Transgender community and their Rights in Bangladesh


By Shahriar Islam Shovon

The transgender community is one of the most vulnerable groups in Bangladesh. They have been ignored and mistreated for an extended period of time. These individuals separate themselves as a consequence of the backdated mindset of the members of society. They have opted to make a living through the sex trade, begging, and extortion because they have been subjected to neglect, humiliation, and societal prejudice.

Though the Department of Social Services determines that there are about 10 thousand transgender people in Bangladesh, private estimates place the figure at two and a half lakhs. ‘Heterosexuals’ are defined as individuals who are physically or genetically positioned between men and women in terms of sexual orientation. Hijras are referred to as ‘khuncha’ in Arabic. According to medical research, People who have congenital sexual dysfunction owing to chromosomal abnormalities and who are unable to be classified as either women or males due to physical or genetic causes are referred to as ‘transgender’. A Hijra, is also known as ‘Brihannala’ as recounted in Hindu mythology. It is possible for a transgender kid to be born in any household, anywhere in the world. When they grow up in an environment of disrespect and mistreatment, they flee their homes and join the transgender community.

In order to safeguard the human rights of the transgender population, many treaties and covenants have been formed over the years. Transgender people’s civil and political rights were protected by the International Covenant on Civil and Political Rights (ICCPR). Bangladesh signed ICCPR as a sovereign country in 1992. Bangladesh also signed the International Covenant on Economic, Social, and Cultural Rights (ICESCR), which may be used to establish social, legal, and political rights for transgender people in the long run. Over 9000 transgender people exist in Bangladesh, yet they are being stripped of their fundamental rights, such as their CP and ESC rights. Moreover, the majority of them in Bangladesh are punished for homosexual offenses under section 377 of the penal code 1860 indiscriminately.

Treatment towards the transgender community must be as compassionate as possible. Everyone regardless of their sexual orientation should be accepted and welcomed in society’s various organs. Keeping a segment of society in the dark will not help us to build a comprehensive development model. They must be brought back into the spotlight via corporate and nongovernmental efforts. Required training, suitable education, and making them engaged in good work will enable them to contribute in society. The business sector, including non-governmental groups and service providers, may also advance their efforts in this regard through various corporate social initiatives.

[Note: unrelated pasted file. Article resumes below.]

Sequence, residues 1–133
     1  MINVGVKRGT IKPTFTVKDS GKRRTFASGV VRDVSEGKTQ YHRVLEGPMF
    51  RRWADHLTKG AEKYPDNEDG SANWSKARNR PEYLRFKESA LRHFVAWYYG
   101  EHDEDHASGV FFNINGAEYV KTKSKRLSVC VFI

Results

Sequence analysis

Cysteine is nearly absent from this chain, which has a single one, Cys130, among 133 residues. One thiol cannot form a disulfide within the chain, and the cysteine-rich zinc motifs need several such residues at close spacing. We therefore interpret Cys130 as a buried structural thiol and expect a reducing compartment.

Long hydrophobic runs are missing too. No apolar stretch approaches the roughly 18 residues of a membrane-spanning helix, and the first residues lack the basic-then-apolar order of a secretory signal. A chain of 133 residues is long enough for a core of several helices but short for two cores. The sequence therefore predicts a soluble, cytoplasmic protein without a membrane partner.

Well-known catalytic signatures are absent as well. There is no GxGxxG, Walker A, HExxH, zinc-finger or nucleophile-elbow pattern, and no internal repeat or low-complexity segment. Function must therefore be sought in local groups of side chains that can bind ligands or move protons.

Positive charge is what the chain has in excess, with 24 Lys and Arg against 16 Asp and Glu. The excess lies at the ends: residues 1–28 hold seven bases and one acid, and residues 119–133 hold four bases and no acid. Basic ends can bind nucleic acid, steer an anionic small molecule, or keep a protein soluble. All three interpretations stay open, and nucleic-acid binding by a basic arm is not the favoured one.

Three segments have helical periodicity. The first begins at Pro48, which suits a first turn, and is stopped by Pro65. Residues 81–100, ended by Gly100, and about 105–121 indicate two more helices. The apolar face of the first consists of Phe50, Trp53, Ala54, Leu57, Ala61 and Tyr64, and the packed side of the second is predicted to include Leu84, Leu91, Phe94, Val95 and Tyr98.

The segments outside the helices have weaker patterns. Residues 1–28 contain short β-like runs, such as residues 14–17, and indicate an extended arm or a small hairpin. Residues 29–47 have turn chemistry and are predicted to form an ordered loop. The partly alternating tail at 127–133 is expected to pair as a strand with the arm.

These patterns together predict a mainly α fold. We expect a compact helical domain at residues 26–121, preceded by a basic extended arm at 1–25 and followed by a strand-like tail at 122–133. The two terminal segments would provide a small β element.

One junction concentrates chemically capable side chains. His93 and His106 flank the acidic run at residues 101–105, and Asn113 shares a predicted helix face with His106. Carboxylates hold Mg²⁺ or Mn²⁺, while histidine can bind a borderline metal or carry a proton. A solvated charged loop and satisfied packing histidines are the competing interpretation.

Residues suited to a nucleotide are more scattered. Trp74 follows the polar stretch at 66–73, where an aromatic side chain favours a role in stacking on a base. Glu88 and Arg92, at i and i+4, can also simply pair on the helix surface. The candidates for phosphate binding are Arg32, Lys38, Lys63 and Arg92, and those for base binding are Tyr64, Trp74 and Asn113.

The government should establish a third gender welfare board to look after their interests. An entirely new piece of legislation for the transgender community should be drafted and put into action as soon as possible. In order to capacitate transgender people to inherit their family’s property, the succession laws of different religions need to be reformed. Educational institutions should be established for them on a distinct basis. The incorporation of quotas for hijras in both the public and private sectors is recommended in order to guarantee equal access to job opportunities. A complete and accurate record of transgender people should be maintained by the government, and this information should be kept updated at all times. The government should put measures in place in the political and economic spheres that will empower transgender people to speak out for their rights with more confidence.


Shahriar Islam Shovon is a student of the LLB program at Department of Law and Human Rights, University of Asia Pacific.